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In Act Three of 'An Inspector Calls', the inspector says: "We don't live alone. We are members of one body. We are responsible for each other." Who do you think is the most responsible for the death of Eva Smith?

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Introduction

In Act Three of 'An Inspector Calls', the inspector says: "We don't live alone. We are members of one body. We are responsible for each other." Who do you think is the most responsible for the death of Eva Smith? An entrance to a small family celebration in the dining room of a fairly large suburban house in Brumley, an industrial city in the North Midlands. On a fine spring evening in 1912, a prosperous manufacturer, Mr. Birling, enthusiastically commemorates the engagement of his daughter, Sheila Birling, to Gerald Croft, the son of Sir George Croft of Crofts Limited. After a "good dinner", marking the start of the occasion, the Birlings: which consist of Mr and Mrs Birling, Sheila Birling and her younger brother Eric Birling, proudly continue on through the evening with a superior atmosphere. This joyful party was rudely interrupted by a harsh figure of a police inspector investigating the suicide of a young working-class woman. The intrusion was about to unlock a chain of events, which led to the death of Eva Smith. Under Inspector Goole's interrogation, every member of the family turns out to have a shameful secret that links them to her death. Their specific actions set over a passage of time casts a preconceived opinion based on their past, not the present. Both individual and collective acts of responsibility entwined their life with that of Eva Smith. ...read more.

Middle

Throughout the play, signs of iniquity and the devil come up, for example, the Seven Deadly Sins. At least each member of the family had been corrupted by any one or more if these sins. Therefore, the one making the most errors is the most responsible for the death of Eva Smith. Foremost, Mr Birling is full of pride. He was trying to prevent the spiteful Inspector bad-mouthing his family. He also believed that his position in the community would be tarnished and his awaiting knighthood be refused. He wanted to protect his family from the reality of the media. Arthur was also quite slothful as he could not be bothered to fight the rebellion fronted by Eva Smith. He took the easiest route to solve the problem: discharging Eva. His anger and impatience was shown when he replied to the harsh tone of the inspector by saying "Look - there's nothing mysterious about this business!" Mr Birling is very rude and adamant about the fact that he is always right. This is clearly revealed in his speech in Act One where he says that the "Titanic is absolutely unsinkable", this accusation failed when the Titanic sank on its maiden voyage, and that the prospect of war is nearly impossible because 1914 saw the start of World War Two. He also tries to show his malevolence and disgust towards the socialists Bernard Shaws and H. ...read more.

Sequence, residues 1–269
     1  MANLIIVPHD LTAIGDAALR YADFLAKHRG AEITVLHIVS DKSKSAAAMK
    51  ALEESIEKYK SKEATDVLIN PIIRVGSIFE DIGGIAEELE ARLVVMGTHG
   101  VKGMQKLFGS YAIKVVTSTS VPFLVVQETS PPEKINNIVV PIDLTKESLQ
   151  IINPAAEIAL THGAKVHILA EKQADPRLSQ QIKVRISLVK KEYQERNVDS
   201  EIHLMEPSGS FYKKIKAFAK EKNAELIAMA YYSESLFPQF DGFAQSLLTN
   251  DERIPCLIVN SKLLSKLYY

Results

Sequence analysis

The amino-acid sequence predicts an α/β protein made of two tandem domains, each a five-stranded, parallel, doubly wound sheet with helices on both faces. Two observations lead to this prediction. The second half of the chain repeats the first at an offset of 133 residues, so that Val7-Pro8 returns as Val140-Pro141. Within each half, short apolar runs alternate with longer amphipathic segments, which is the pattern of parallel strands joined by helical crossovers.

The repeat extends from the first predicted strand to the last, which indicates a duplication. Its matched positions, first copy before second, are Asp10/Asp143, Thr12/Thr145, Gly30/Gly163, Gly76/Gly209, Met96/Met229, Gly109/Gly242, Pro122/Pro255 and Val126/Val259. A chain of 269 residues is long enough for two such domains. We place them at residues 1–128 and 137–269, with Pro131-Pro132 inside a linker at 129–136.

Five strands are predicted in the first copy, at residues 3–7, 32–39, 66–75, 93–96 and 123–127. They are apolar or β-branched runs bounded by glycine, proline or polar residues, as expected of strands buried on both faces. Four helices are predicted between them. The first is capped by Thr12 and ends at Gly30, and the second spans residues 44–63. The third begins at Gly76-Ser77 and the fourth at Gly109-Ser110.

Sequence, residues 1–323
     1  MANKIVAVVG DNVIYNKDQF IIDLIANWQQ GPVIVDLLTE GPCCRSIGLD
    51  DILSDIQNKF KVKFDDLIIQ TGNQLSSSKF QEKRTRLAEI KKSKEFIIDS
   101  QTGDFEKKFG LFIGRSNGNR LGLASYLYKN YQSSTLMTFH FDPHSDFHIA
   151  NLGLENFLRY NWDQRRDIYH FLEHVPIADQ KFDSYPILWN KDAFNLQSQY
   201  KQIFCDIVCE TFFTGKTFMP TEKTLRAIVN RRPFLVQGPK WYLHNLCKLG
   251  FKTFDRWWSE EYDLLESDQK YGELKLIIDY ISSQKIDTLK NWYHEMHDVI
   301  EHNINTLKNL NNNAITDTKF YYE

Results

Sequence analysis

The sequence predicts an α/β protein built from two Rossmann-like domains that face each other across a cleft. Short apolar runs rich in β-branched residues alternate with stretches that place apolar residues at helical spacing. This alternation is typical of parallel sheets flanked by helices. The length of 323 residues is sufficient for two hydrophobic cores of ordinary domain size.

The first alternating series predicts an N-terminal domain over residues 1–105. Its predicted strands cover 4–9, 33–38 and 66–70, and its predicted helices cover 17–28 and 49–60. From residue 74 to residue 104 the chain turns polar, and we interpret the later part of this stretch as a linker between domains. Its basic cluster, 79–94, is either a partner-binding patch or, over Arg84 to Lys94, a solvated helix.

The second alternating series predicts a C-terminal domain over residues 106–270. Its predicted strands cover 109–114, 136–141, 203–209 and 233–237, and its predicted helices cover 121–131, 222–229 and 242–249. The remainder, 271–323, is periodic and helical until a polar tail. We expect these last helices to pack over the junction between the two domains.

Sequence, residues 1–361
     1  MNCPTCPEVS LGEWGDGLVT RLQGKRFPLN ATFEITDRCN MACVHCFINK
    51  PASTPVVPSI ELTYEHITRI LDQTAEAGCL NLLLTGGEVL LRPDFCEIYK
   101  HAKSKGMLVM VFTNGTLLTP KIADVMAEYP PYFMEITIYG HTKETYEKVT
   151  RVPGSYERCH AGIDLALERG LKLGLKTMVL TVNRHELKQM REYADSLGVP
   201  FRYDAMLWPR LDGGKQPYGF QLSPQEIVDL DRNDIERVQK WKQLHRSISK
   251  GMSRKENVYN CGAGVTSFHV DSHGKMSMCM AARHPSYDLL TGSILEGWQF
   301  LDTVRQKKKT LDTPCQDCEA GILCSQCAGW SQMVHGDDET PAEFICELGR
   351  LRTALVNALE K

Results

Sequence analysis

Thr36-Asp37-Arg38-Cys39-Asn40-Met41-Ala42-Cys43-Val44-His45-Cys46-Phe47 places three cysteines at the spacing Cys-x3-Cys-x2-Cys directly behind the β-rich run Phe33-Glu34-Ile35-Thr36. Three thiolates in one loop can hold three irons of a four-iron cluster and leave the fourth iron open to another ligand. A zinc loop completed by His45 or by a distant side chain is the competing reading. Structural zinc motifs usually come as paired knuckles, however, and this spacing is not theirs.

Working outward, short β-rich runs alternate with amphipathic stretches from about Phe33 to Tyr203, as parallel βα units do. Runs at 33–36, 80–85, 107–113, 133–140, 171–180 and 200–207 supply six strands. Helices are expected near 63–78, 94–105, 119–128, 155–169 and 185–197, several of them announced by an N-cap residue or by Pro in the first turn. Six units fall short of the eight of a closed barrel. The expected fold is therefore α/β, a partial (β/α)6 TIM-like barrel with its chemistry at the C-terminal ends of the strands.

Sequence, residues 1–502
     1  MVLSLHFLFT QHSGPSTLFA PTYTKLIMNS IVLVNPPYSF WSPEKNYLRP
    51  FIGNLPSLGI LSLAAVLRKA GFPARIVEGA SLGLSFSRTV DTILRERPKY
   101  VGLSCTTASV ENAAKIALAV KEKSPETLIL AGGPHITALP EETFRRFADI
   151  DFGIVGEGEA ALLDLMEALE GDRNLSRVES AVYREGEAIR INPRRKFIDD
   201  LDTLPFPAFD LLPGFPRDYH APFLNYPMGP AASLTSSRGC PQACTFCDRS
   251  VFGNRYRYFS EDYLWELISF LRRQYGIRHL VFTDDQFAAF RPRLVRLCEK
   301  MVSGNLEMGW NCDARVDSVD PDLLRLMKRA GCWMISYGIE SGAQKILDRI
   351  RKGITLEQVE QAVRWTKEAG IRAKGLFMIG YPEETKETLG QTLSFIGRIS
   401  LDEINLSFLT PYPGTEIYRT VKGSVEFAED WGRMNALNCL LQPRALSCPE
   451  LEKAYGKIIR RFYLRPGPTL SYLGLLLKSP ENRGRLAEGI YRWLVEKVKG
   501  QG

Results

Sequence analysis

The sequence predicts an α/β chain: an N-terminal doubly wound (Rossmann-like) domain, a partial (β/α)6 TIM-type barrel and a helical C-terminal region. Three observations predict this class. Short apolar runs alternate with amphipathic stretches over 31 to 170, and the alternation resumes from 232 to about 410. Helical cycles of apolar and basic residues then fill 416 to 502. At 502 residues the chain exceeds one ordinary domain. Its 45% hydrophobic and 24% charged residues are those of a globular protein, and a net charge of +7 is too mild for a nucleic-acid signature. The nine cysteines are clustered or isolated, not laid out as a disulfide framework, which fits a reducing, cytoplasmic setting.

Conclusion

death Eva Smith because everything he did was driven by sin and to solve his problems, he dug himself into a deeper hole by allowing the sins to use his body as a vessel to carry out the bad deeds. I also believe that he spends most of his time in a constant state of drunkenness and therefore what he says may not be what he feels or intends to say. After Eric, I think Sheila is the most responsible for the death of Eva Smith because she over exaggerates her guilt and all her actions were invigorated by anger or jealousy. Next come Mr and Mrs Birling because they both had reasons apart form sin, to discharge Eva. They wanted to guard the family name and status. Lastly, I think that Gerald Croft is the most responsible for the death of Eva Smith, as he tried to make her believe in herself by giving her a job and a home. Therefore, Eric is more guilty that any other Birling family member or Gerald Croft. Overall, it appears to me that Inspector Goole is the devil and the Birlings are his minions. They take place in this world as mortals, to show what the world is becoming. I think that J. B. Priestley has a socialist view on life and he has tried to communicate that message to the public through his play: 'An Inspector Calls.' ?? ?? ?? ?? ...read more.

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